Because you are reading these words, I am confident you are a believer in ongoing learning and development for yourself and those you lead. Precisely because this is your bias, you may find it hard to understand why your team members aren’t anxiously looking forward to attending the training you offer them or that is in some way made available to them.
Lots of leaders like you have asked me the question directly: How do I get my team engaged with training I want them to attend?
Your folks likely fall into one of three groups when it comes to training. They see themselves as vacationers (training is better than going to work), prisoners (they’ve been forced to attend), and willing learners (these are not the people we are talking about!).
So let’s reframe the question just a bit: How can we convert our vacationers and prisoners into willing learners? Here are a few tips to help.
- Be a role model. Do you attend training? Does your team know that you do? Do you come back and share your goals and ask them to hold you accountable for your progress? The more of these that you have a yes answer to, the better. Your behavior is a major way of persuading others in any situation, including training.
- Engage them in selection. Your team members are adults! Let them help select the training or the details whenever possible. This little thing may reduce the “prisoner feeling” more than you realize.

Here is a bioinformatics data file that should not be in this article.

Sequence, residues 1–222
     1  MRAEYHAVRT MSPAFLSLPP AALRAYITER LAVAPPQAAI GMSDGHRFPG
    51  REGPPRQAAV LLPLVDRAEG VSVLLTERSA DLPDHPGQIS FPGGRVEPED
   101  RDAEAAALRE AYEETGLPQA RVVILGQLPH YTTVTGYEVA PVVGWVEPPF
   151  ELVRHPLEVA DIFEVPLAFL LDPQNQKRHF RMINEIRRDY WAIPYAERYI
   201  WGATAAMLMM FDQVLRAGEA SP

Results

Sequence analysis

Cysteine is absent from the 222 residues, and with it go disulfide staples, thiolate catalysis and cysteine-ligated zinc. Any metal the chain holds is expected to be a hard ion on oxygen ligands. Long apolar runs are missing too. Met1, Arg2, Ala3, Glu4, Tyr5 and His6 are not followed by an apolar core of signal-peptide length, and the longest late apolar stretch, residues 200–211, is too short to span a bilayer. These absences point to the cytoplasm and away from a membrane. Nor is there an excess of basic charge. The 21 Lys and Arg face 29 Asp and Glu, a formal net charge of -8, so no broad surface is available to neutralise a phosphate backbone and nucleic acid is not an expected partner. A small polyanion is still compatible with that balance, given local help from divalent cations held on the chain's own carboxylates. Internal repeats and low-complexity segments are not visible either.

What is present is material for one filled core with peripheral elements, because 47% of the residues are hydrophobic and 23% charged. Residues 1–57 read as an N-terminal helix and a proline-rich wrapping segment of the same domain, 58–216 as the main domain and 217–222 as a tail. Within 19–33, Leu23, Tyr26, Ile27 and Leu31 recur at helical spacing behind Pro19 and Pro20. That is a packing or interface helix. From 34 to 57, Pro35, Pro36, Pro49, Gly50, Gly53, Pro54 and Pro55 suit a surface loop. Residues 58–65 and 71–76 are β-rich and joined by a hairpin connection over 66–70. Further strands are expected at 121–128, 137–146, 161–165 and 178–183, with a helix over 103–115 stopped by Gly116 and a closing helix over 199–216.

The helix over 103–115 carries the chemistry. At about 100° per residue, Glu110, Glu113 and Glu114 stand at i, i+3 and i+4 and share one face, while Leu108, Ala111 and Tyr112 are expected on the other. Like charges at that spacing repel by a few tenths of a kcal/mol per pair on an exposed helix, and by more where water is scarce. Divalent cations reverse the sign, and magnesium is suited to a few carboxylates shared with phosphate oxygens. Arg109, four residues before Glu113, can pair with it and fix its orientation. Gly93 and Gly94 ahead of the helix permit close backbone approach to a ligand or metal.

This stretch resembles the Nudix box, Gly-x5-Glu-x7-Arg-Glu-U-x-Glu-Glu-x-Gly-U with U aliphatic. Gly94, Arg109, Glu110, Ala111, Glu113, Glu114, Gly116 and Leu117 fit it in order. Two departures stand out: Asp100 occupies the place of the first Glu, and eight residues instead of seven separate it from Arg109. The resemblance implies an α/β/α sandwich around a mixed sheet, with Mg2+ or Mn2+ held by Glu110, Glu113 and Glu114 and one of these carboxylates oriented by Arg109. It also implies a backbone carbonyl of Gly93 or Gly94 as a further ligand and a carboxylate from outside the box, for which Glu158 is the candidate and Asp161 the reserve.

- Make it relevant. Help people see how the training (and more specifically what they will learn) will make a difference in their work. Will it help them be more productive, safer or produce higher quality work? Will it prepare them for a desired promotion? Will it give them important exposure? In short, help them see the value and benefits that you see. When they see these benefits they will likely become willing learners.
- Expect improvement. Training is of no value if no change in behavior or performance occurs. Before people go to training, help them (or ask them to) set goals. Then on their return expect improvement! Meet with folks on their return to review what they learned and how they plan to apply it. Ask what you can do to assist them, and then hold them accountable for the changes. They might not be perfect the first time, so support the practice and encourage continued improvement.
These four things should help you have more people excited about going to training — and give you better results when they return.